Stork, J. (2019). A Facebook strategy for wellbeing [Unpublished Master’s thesis]. Alef Trust & Middlesex University.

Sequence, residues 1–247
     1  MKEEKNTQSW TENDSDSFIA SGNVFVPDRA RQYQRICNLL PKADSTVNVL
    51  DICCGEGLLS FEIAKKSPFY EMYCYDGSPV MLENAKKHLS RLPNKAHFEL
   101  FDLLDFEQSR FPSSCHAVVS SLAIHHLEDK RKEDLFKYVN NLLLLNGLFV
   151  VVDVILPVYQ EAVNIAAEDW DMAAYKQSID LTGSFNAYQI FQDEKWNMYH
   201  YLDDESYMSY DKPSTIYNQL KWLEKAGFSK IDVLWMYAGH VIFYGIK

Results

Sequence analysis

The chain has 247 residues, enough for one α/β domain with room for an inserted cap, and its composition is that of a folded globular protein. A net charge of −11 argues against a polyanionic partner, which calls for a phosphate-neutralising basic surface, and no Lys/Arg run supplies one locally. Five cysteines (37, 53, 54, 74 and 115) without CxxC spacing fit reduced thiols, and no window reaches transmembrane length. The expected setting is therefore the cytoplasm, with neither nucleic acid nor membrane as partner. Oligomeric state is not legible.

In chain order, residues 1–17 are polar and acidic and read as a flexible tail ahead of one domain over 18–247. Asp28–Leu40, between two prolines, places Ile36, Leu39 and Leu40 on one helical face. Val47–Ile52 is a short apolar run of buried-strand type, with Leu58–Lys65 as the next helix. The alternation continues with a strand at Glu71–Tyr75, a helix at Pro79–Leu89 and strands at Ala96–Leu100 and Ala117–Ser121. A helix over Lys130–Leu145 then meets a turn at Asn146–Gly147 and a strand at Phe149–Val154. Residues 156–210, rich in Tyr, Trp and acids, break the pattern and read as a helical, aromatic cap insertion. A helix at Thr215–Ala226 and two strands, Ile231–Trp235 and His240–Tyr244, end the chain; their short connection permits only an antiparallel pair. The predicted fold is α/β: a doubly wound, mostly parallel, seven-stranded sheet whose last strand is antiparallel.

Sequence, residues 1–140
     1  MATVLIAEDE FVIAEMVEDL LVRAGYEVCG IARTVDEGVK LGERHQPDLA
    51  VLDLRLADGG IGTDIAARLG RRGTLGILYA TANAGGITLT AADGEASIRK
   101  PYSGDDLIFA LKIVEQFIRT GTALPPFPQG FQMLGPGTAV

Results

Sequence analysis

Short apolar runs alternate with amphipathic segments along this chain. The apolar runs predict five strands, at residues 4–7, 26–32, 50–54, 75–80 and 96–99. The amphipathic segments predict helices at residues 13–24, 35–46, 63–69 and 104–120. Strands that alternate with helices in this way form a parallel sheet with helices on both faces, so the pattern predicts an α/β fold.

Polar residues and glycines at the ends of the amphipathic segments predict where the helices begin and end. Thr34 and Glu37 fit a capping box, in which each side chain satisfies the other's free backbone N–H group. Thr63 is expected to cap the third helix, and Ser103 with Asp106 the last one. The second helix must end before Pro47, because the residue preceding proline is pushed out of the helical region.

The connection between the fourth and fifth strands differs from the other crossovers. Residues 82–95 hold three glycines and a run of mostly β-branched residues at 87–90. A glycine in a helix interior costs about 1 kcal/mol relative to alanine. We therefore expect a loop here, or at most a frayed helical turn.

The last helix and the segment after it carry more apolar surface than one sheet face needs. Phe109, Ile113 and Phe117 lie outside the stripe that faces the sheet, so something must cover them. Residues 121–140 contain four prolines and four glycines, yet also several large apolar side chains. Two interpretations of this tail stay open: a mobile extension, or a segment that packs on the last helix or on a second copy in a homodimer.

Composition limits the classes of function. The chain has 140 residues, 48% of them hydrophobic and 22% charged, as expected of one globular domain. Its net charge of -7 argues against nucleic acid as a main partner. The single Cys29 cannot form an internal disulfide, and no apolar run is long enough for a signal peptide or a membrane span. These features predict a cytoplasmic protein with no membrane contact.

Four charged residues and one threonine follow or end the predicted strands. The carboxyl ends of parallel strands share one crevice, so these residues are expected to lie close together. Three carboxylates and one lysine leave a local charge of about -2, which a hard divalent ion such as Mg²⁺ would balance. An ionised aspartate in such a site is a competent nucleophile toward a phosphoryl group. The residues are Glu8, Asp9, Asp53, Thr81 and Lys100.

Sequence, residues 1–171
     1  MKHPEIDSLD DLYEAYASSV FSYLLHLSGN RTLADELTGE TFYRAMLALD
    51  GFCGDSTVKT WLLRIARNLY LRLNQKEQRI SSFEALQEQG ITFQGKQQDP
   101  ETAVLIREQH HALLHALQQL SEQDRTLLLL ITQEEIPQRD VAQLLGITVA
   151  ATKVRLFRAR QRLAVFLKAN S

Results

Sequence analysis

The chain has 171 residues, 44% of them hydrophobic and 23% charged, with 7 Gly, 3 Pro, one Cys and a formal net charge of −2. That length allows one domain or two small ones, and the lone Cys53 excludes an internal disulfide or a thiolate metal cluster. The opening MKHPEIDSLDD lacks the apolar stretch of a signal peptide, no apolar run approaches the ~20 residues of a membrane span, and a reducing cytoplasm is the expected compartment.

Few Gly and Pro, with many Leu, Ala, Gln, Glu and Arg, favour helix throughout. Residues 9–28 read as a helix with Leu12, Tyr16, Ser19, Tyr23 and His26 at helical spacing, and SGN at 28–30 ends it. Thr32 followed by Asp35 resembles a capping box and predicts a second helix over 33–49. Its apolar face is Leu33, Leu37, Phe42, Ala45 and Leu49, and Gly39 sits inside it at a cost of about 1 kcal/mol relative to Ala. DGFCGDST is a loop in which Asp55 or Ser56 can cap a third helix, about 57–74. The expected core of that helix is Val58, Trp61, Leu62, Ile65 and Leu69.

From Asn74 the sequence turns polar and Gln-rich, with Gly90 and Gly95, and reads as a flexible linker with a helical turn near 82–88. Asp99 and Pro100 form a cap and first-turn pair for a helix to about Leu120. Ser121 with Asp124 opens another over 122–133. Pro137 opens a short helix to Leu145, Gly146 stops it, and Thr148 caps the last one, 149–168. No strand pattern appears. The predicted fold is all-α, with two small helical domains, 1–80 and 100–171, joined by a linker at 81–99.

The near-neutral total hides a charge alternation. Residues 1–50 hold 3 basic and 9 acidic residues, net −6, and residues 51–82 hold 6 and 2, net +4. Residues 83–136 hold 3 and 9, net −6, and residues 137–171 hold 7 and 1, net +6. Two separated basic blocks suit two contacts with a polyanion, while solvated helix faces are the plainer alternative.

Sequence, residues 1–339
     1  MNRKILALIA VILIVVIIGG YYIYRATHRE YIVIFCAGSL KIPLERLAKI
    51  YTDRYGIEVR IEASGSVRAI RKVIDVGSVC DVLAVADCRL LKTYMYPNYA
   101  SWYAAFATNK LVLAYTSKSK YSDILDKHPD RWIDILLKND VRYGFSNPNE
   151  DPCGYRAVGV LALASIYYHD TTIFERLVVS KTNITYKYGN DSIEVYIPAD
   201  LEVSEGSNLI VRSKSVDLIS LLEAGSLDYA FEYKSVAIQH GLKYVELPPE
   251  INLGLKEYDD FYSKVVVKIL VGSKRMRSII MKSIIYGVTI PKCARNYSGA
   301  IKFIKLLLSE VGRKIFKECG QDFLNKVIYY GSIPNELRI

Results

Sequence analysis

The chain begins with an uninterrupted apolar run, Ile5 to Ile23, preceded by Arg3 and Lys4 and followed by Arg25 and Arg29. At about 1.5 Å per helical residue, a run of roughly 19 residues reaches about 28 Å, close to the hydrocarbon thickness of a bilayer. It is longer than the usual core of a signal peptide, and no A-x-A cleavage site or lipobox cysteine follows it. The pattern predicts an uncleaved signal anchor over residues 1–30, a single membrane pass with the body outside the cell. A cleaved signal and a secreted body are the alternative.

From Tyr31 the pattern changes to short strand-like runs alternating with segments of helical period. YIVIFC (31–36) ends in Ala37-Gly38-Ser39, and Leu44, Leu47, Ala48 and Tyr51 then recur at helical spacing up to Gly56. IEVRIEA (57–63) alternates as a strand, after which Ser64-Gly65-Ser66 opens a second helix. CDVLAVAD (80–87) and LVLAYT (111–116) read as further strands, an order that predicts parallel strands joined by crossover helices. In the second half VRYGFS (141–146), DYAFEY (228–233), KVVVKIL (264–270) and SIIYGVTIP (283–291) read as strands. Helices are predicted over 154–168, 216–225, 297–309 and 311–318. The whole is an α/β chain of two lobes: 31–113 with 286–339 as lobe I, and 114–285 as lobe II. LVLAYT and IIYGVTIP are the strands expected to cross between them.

This study examines the potential of an evidence-based strategy for using Facebook to improve subjective well-being. Using Seligman’s five-factor PERMA model of well-being as a guide, four categories of Facebook configuration and behavioral changes were identified (Facebook Time, Alerts & Notifications, Content and Engagement – F.A.C.E.) which were anticipated to touch on each of the five well-being factors under PERMA, forming the basis of a Facebook Strategy for Well-Being (FSW). Five participants utilized the FSW over two 7-day phases of the study. Using a mixed methods approach. Self-reports of qualitative and quantitative measures of subjective well-being, along with overall sentiments around Facebook use and content, were evaluated. The major themes which emerged following the FSW were a sense of feeling “empowered” and experiencing more “preferred content” on the Facebook News Feed. Positive sentiments in each F.A.C.E category increased as well as overall Facebook experience, following the FSW. Quantitative measures of SWB obtained with the PERMA-Profiler found that 9 out of 10 before/after measures of SWB either increased or remained stable following the FSW. These findings support previous research showing a link between how one uses Facebook can positively impact mental health and well-being. These findings also demonstrate that a comprehensive, evidence-based yet easy-to-follow strategy can be deployed by Facebook users with minimal technical skills that produces immediate and positive changes in their experience potentially increasing subjective well-being. Limitations to the study are discussed, along with suggestions for future social-media research and the role of psychology in Positive Computing.

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